Check that your members and employees who are deaf or have hearing loss can hear your fire alarm with and without their hearing aid. If they can’t, you can install a visual fire alarm that will alert them with a flashing strobe. 

The RNID recommends that fire marshals complete deaf awareness training. 

Accessibility for neurodivergent members

“Historically, the spaces which make up the built environment have been primarily designed by and for neurotypical people,” writes Jason Slocombe in an article published by Work Design Magazine

“This poses a range of challenges for neurodivergent employees, such as hypersensitivity to sound and smell making an overcrowded kitchen area thrumming with lunchtime chatter and music highly unpleasant, and certain aromas making someone feel physically sick.”

In the article, Slocombe provides a variety of strategies workspace designers can adopt to make their spaces more accessible for neurodivergent people. 

Take acoustic panels, for instance. Some types “can increase volatile organic compounds (VOCs) emissions which include a variety of chemicals which can be particularly problematic for neurodivergent groups who commonly report chemical sensitivity.” 

Instead, large planters or natural material screens (made from materials like cork, petrified moss, timber and felt) can be used to help reduce noise.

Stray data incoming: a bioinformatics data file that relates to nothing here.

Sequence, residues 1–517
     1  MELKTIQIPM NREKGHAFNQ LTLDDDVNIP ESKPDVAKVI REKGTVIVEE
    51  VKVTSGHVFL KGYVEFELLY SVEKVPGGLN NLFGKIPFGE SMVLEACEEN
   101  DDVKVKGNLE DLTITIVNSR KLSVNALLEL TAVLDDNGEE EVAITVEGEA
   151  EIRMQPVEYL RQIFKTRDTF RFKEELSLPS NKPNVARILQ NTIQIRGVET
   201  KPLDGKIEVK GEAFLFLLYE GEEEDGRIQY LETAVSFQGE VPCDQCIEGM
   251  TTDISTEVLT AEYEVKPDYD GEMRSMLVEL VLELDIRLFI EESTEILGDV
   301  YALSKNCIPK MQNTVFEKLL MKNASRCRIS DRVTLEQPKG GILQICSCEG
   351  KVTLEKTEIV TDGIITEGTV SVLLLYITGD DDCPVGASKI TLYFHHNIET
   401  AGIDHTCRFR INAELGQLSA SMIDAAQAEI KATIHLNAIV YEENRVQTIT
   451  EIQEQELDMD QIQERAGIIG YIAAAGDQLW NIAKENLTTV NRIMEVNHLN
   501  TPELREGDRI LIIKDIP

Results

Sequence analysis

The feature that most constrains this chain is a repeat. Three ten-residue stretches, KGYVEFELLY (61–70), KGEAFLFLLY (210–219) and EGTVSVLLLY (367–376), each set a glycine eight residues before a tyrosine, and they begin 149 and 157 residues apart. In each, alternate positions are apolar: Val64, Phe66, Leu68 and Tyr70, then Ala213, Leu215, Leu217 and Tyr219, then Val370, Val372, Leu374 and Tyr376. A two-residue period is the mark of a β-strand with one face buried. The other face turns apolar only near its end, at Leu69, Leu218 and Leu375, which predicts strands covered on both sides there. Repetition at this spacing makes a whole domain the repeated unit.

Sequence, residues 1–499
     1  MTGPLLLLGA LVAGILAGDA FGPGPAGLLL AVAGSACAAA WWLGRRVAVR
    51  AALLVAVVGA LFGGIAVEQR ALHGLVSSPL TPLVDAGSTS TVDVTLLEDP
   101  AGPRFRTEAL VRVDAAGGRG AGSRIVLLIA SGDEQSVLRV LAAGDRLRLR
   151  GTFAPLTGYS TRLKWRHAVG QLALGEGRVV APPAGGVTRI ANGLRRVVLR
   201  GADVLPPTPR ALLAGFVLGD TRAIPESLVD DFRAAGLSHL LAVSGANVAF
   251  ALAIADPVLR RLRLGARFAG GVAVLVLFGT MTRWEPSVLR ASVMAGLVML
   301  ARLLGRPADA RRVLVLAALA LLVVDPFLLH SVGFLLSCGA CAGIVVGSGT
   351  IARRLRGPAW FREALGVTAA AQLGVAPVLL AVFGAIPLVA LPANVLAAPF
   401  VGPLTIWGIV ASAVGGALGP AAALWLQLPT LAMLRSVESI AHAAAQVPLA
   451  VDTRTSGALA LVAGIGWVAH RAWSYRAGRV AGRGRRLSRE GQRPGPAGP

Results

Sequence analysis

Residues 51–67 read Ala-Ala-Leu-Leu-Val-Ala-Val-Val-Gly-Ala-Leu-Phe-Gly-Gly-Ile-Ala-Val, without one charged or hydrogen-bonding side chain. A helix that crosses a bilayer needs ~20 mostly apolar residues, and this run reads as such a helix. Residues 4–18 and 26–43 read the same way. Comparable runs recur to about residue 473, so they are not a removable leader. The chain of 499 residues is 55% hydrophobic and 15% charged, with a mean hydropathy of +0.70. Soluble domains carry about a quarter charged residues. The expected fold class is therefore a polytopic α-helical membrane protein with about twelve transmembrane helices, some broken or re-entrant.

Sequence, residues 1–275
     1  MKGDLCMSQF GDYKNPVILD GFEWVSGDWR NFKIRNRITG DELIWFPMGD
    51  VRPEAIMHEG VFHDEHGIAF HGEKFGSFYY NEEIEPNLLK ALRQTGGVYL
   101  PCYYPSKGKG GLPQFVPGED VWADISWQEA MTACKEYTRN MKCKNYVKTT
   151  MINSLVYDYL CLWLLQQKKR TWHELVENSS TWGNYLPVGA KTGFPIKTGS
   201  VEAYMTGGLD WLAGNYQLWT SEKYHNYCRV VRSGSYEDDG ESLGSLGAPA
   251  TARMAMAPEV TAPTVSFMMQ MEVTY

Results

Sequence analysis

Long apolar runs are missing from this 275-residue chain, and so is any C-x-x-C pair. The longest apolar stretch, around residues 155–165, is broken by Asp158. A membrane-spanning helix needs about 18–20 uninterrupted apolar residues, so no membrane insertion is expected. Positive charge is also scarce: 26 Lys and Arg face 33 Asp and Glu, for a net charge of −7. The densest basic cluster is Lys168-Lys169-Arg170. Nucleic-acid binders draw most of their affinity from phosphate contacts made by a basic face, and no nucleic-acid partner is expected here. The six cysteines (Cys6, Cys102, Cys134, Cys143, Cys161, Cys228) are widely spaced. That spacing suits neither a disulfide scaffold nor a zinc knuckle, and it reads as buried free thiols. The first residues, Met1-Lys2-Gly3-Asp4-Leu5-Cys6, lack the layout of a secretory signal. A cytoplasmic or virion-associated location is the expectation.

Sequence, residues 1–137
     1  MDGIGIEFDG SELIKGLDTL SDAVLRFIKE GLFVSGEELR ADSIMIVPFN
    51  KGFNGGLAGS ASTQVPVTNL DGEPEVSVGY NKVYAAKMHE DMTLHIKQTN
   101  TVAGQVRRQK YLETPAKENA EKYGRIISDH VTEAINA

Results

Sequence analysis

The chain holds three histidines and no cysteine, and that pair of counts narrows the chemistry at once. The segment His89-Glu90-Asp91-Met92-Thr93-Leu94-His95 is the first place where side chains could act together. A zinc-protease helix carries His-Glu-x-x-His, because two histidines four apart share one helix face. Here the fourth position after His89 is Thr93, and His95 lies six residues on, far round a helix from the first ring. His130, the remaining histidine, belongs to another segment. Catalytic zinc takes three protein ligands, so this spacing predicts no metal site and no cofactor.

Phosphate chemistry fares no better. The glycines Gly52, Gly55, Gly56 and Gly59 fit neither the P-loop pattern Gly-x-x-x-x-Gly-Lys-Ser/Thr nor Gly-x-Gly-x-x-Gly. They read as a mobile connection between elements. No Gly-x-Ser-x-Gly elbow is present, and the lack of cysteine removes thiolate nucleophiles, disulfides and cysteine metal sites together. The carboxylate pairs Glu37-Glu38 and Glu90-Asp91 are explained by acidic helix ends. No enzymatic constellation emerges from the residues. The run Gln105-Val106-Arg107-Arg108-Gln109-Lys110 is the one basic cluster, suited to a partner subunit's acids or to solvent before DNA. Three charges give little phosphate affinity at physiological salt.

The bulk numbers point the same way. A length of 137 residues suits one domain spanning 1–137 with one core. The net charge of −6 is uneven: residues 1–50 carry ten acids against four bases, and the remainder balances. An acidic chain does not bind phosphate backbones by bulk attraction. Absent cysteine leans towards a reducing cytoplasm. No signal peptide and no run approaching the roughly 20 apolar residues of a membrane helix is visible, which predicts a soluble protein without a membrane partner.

Consider “visual noise” too. 

…”some patterns can be a problem for neurodivergent people,” notes Slocombe. “At the extreme end high contrast stripes and geometric patterns can create acute sensory overload particularly for people with visual sensitivities, epilepsy, or migraine sufferers.”

Building access ramp. Photo via Unsplash

Next step: conduct an access audit

An access audit is an assessment of your coworking space against a set of standards, and it establishes to what extent your building is accessible for disabled people. An access audit will highlight any barriers to access and detail how you can overcome them. 

An audit will take various aspects of your building into consideration, including – but not limited to – car parking, reception, lifts and stairs, toilets and signage and wayfinding. As well as your building, you can get an access audit for your website, and policies and procedures.

Ultimately, it’s all about creating a better coworking experience for everyone. 

It’s important to educate your team on discrimination and disabilities, and share procedures and practices that make your coworking space more inclusive. You should consult with your disabled team members on what accessibility changes and improvements they’d like to see.